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Is Europe's Green Deal entering a grey zone?

Is Europe's Green Deal entering a grey zone?
Copyright euronews
Copyright euronews
By Julian GOMEZ
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Defended by some, criticised by others, misunderstood by many, Europe's Green Deal on climate change has generated heated debate across the EU in recent months. European elections have intensified the focus on it. What is it and why is it controversial? Euronews Witness's Julian Gomez explores.

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A set of policy initiatives, the Green Deal aims to make the EU carbon neutral and achieve net-zero greenhouse gas emissions by 2050. Its effective implementation is proving challenging in different economic sectors. 

In the Czech Republic, the main concerns are coming from industry. The Czech government wants to reduce greenhouse emissions by 30% by 2030. Some big factories say they are already working on it, but others are struggling.

"[The Green Deal policy] negatively affects our business, especially our competitiveness, because these regulations do not exist outside the EU. It's a question of policy setting. Whether and how Czech and European authorities want the industry to exist at all - or not," said Jaroslav Seifrt, CEO of a SME that produces 50,000 tons of Bohemia glassware annually.

Bohemian glass factory, Czech Republic
Bohemian glass factory, Czech Republiceuronews

Challenges of green transition

Green Deal-associated social costs seem to torment a country that has suffered a steady decline in its industrial tissue.  

Workers fear they will pay a heavy price for the unpreparedness to this green transition, “As an ideal, the Green Deal is fine. If Europe were a separate planet in the Solar System, we would definitely be for it," said Peter Zegzulka, a trade union leader in the steel sector. "But unfortunately, Europe emits roughly 8% of the world's total emissions per year. So, if emissions in Europe were reduced by 50%, then where would the remaining 96% be cut?" 

Steelworks, Czech Republic
Steelworks, Czech Republiceuronews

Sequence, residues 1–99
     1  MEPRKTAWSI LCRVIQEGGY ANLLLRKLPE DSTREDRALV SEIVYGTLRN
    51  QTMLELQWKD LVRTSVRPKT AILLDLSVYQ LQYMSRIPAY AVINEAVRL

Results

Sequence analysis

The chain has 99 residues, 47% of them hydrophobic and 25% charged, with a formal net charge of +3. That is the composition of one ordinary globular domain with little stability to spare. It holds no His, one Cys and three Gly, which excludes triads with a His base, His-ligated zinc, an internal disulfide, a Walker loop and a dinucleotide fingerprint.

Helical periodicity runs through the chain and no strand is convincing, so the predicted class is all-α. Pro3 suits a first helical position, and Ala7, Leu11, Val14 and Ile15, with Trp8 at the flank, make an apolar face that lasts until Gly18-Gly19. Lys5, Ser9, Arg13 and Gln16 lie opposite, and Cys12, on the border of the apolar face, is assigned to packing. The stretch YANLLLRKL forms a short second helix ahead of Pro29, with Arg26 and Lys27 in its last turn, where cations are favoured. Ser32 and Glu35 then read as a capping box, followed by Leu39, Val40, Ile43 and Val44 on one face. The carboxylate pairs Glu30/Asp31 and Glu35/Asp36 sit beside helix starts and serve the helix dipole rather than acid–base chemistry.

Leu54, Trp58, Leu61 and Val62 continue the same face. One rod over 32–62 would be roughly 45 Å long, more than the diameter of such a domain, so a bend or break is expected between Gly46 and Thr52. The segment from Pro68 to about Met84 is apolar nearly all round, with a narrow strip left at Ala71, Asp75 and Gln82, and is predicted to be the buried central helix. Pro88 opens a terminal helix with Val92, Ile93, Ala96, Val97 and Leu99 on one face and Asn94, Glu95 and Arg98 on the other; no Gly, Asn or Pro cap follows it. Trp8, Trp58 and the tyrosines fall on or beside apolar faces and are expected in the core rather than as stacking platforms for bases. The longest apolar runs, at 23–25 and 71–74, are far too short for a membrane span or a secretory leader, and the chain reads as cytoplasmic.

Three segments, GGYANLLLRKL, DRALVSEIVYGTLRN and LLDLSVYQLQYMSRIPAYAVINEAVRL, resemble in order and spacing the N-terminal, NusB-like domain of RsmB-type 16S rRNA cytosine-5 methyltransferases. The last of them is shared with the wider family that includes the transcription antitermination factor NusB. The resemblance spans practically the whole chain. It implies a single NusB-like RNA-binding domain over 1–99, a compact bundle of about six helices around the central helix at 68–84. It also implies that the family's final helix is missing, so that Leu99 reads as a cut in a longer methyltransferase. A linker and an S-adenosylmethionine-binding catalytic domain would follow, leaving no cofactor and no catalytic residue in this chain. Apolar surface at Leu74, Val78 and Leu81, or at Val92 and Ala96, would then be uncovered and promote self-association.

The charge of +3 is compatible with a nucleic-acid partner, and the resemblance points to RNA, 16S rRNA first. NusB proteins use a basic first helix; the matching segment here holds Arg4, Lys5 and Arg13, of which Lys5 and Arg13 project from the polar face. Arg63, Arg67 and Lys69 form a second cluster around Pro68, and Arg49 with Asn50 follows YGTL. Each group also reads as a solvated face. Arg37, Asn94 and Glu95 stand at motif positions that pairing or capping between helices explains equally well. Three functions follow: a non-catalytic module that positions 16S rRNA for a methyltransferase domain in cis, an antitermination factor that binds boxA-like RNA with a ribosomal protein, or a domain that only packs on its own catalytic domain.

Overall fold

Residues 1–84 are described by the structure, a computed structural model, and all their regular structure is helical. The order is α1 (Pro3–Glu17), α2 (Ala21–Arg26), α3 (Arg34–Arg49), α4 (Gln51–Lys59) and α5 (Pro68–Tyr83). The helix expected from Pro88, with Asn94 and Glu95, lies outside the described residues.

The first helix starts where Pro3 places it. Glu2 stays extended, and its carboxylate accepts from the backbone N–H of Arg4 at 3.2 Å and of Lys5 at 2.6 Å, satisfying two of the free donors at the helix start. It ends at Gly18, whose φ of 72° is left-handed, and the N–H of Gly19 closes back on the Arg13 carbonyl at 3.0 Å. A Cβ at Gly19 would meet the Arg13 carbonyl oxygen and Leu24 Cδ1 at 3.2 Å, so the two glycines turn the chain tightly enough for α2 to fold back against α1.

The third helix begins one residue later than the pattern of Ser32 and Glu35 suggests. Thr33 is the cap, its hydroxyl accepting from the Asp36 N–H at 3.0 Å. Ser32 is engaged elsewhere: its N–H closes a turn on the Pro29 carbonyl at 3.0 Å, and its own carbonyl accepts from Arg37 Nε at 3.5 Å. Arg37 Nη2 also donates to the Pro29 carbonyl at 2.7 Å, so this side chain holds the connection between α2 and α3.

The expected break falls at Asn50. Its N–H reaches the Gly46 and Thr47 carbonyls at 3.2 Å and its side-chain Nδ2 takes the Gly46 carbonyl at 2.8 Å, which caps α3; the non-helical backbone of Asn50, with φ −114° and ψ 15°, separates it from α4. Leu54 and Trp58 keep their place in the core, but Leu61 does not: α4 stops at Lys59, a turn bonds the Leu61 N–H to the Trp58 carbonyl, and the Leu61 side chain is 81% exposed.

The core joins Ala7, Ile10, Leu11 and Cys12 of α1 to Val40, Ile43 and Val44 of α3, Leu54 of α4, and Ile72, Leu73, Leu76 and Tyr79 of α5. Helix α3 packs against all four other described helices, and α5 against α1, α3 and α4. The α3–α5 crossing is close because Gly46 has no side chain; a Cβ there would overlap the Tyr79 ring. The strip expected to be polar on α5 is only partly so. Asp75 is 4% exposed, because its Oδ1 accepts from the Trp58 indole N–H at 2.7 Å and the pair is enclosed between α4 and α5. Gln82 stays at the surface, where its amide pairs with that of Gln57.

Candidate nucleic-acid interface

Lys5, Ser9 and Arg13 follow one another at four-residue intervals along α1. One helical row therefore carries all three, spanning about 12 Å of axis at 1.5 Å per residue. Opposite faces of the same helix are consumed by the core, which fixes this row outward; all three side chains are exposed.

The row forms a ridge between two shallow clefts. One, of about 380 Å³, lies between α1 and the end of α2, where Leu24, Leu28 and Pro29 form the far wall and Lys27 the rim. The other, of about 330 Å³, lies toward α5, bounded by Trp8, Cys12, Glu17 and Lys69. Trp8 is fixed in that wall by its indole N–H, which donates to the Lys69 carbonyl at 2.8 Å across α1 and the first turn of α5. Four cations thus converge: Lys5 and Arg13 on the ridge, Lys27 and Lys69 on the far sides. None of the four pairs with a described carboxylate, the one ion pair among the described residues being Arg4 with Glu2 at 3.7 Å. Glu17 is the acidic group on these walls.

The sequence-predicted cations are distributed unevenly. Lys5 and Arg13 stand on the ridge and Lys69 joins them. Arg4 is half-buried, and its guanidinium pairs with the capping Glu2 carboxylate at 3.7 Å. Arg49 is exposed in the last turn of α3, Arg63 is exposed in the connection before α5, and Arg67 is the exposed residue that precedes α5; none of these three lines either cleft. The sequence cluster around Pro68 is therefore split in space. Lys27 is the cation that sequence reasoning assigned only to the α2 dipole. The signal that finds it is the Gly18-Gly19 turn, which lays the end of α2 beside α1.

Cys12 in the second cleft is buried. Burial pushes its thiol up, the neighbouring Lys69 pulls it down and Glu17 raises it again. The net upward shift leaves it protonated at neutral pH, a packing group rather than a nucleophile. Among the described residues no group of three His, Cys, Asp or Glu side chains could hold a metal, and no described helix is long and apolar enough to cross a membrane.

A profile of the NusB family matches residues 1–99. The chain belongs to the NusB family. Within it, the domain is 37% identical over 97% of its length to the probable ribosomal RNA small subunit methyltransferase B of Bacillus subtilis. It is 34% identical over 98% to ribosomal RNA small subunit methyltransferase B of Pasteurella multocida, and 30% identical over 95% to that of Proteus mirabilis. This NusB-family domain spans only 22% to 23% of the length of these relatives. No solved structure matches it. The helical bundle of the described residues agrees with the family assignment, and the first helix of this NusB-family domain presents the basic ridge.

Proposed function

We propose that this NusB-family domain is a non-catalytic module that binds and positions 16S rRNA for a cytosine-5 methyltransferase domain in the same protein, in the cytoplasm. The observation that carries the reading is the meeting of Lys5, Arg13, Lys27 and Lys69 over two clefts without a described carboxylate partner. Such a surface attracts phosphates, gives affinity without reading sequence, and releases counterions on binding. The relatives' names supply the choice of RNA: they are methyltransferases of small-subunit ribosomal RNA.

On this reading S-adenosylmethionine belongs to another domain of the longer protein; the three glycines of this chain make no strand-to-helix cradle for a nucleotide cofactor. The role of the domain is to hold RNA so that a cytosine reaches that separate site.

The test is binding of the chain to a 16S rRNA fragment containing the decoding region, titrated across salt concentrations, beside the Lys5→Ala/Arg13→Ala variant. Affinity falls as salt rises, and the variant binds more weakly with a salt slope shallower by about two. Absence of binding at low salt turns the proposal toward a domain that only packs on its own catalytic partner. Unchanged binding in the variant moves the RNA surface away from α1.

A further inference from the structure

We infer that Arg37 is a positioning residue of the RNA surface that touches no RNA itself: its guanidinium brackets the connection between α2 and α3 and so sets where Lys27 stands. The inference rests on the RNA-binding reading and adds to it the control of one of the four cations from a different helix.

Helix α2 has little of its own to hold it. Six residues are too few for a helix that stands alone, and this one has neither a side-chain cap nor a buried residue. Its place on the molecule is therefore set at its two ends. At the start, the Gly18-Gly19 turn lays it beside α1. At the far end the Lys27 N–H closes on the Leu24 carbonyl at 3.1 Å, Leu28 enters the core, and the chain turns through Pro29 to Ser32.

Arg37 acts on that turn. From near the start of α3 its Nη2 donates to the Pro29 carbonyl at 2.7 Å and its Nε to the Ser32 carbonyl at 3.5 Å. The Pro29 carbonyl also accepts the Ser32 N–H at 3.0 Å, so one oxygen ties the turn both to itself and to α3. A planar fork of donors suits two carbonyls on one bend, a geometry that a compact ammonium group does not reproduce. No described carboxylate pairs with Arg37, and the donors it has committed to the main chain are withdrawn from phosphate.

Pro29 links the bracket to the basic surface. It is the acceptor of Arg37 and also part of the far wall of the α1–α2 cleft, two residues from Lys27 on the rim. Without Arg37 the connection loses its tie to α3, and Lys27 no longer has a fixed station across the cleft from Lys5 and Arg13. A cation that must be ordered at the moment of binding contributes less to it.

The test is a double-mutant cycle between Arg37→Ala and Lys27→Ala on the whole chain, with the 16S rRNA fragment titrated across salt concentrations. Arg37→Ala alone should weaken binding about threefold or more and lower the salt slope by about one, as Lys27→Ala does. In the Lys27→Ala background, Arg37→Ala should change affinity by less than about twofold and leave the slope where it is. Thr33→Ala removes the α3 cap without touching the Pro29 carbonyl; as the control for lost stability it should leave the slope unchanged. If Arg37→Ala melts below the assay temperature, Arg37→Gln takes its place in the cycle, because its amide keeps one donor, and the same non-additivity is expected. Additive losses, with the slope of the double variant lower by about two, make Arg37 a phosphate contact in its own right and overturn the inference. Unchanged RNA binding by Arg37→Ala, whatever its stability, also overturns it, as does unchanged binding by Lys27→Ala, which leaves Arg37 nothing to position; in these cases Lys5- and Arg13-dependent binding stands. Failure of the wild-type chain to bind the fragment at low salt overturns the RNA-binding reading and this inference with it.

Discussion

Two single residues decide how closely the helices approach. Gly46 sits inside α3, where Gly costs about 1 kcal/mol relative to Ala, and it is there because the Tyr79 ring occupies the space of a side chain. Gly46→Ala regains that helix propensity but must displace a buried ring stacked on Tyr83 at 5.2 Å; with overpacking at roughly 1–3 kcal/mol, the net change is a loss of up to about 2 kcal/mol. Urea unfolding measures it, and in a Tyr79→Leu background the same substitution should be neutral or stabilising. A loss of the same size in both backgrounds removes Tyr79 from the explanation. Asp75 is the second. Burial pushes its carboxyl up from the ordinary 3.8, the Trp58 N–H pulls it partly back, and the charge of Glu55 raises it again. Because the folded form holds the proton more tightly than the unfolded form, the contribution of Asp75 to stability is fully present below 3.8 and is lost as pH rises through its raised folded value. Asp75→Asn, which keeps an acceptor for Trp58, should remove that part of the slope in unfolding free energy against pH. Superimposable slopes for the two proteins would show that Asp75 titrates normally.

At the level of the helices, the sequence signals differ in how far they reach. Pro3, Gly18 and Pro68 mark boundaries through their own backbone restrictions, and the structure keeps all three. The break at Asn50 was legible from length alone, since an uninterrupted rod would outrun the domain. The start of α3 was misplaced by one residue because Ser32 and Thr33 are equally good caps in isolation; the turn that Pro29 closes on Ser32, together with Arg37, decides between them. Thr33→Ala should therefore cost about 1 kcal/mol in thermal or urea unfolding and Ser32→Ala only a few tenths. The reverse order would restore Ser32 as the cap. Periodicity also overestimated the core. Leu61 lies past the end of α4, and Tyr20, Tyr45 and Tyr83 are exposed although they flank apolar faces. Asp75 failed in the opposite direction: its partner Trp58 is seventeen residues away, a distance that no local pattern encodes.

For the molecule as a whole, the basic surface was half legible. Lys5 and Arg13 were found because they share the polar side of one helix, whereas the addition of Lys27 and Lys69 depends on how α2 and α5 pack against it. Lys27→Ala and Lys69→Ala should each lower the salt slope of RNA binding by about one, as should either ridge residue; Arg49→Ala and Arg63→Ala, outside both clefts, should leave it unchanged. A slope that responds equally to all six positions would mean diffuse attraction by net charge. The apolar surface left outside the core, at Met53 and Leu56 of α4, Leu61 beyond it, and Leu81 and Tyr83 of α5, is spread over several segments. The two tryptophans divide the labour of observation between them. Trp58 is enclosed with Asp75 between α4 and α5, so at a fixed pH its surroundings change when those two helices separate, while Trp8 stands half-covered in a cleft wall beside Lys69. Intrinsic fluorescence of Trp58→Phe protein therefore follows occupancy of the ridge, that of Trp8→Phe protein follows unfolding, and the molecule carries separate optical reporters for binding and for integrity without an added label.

Czech workers want Green Deal policies that keep production and employment.  For their part, NGOs wonder how it can be implemented in a socially fair way.

Meanwhile, the debate in Ireland is mostly being focused on farming. The government has asked the sector to reduce its greenhouse emissions by 25% by 2030. Farmers fear the only possible way to achieve that goal is by culling their herds.

Gearoid Maher, a farmer in Ireland
Gearoid Maher, a farmer in Irelandeuronews

"Agriculture is seen as an easy target, I suppose it's a lot easier to get rid of cows than to get rid of cars or to get rid of industry", said Gearoid Maher, owner of one of around 135,000 farms scattered around the country.

Phasing out peat in Ireland

Similar fears come from another traditional Irish agricultural activity, turf cutting. Ireland still allows thousands who live near bogs to cut turf on their properties for domestic use as heating. Under pressure from the Green Deal and environmental directives, this tolerance could now end. The European Court of Justice has already condemned Ireland for not sufficiently protecting its peatland ecosystems. Local users fear the end of their tradition.

Turf cutters in Kildare County, Ireland
Turf cutters in Kildare County, Irelandeuronews

Ireland's environmental associations say they empathize with the farming sector's fears, but they argue turning away from the Green Deal is not a real option; efforts just have to be equally shared, they say. "When was the best time to plant a tree? 20 years ago. When is the second best time?. Now", said Oisín Coghlan, Chief Executive at Friends of the Earth Ireland. "The sooner we start the transition, the sooner we focus on the transition, the better off we will all be".

Conor Wynne, a turf cutter in Kildare County, Ireland
Conor Wynne, a turf cutter in Kildare County, Irelandeuronews

Striving to be the first climate-neutral continent by 2050 has turned into a burning political and social debate across the European Union. Beyond the European elections, the Green Deal still has a a long and difficult road ahead.

Click on the video above to watch the episode in full.

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